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Could Legalization of Marijuana Actually Benefit Black Men?

by Amity Paye

A man celebrates Hempfest in Seattle on Aug. 16, 2013 (Photo Credit: AP Photo/Elaine Thompson).

Legalization of Recreational Use May Help Discriminated Black Men

                 Earlier this month, the University of South Carolina released a study that reported half of Black men in the United States have been arrested by the time they turn 23-years-old.

                 “A problem is that many males – especially Black males – are navigating the transition from youth to adulthood with the baggage and difficulties from contact with the criminal justice system,” stated Robert Brame, a criminology professor at the University of South Carolina and lead author of the study.

                 In 2013, the legalization of marijuana was at the heart of the national conversation around the criminalization and arrests of large numbers of young men.

                 Across the country, medical marijuana dispensaries were approved and opened by local officials.

                 While marijuana is still illegal on a federal level, in the past few years many states, including New York, Massachusetts and California, decriminalized possession of small amounts of marijuana, replacing criminal arrests with fines for possession.

                 Then on Jan. 1 of this year, Colorado and Washington were the first states to implement the legalization of marijuana for recreational purposes.

                 The legalization of marijuana includes a system for taxing and regulating marijuana, which analysts have speculated will amount to a $2.3 billion legal marijuana market.

                 “Coloradans have made one thing clear and consistent, arrests for marijuana possession are a wasteful use of police officers’ time and scarce public resources,” wrote John Krieger, Communications and Outreach Director for the ACLU of Colorado.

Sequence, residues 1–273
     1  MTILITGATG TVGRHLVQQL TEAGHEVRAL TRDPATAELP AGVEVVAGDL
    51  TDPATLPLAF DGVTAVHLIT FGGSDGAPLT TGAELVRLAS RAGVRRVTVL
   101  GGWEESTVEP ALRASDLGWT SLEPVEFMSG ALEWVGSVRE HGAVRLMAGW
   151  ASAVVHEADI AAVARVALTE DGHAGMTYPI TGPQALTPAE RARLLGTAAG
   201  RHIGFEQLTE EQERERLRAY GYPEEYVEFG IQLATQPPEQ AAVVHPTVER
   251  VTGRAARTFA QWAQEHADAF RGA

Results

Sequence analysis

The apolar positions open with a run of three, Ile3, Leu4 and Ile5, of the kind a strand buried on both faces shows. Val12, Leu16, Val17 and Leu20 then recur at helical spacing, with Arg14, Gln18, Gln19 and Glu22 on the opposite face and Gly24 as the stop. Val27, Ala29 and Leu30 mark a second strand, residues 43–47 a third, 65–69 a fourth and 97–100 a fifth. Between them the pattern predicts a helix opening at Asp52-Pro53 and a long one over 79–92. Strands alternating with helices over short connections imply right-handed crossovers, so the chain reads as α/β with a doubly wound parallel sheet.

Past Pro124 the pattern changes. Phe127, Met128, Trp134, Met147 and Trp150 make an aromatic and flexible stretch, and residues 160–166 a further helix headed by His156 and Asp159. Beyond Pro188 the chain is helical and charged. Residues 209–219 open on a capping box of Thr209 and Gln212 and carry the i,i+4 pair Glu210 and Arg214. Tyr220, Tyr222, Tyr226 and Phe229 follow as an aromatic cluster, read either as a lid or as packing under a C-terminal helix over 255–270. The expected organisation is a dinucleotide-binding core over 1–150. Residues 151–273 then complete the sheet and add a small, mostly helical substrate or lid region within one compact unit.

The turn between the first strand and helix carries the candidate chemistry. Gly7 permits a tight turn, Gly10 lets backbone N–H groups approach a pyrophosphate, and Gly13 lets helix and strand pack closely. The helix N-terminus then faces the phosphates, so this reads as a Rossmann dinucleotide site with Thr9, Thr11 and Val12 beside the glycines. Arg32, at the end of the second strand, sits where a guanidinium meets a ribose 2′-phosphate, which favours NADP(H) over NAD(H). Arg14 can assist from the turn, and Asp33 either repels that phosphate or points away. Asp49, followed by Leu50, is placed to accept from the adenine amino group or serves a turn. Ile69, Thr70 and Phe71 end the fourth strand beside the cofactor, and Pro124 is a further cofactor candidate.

For Black men that is possibly good news.

    The Federal Bureau of Investigations reported that for Black men annually across the country, “The highest number of arrests was for drug abuse violations (estimated at 1,531,251 arrests) and 43 percent of drug possession arrests were for marijuana.”

    According to the American Civil Liberties Union (ACLU), “Nationwide, the arrest data revealed one consistent trend: significant racial bias. Despite roughly equal usage rates, Blacks are 3.73 times more likely than Whites to be arrested for marijuana.”

    These arrests can then hurt a person’s ability to find work, attend school, and find housing and more.

    So in the states that have now approved the legalization of marijuana the statistics amount to hundreds of thousands of Black men, now possibly decriminalized and able to participate in society.

    If implemented on a national level, the legalization of marijuana would also amount to an estimated $3.6 billion of policing funds spent on enforcing marijuana possession laws, which could be re-invested into communities.

    While marijuana is definitely not only sold by men of color, the question remains if the people currently selling marijuana on the streets, in underground markets, will continue their enterprise if the industry is legalized.

                Regardless, the act of legalization although controversial, could possibly have one positive effect, fewer Black men incarcerated for minor offenses.

This article was published on Friday 17 January, 2014.
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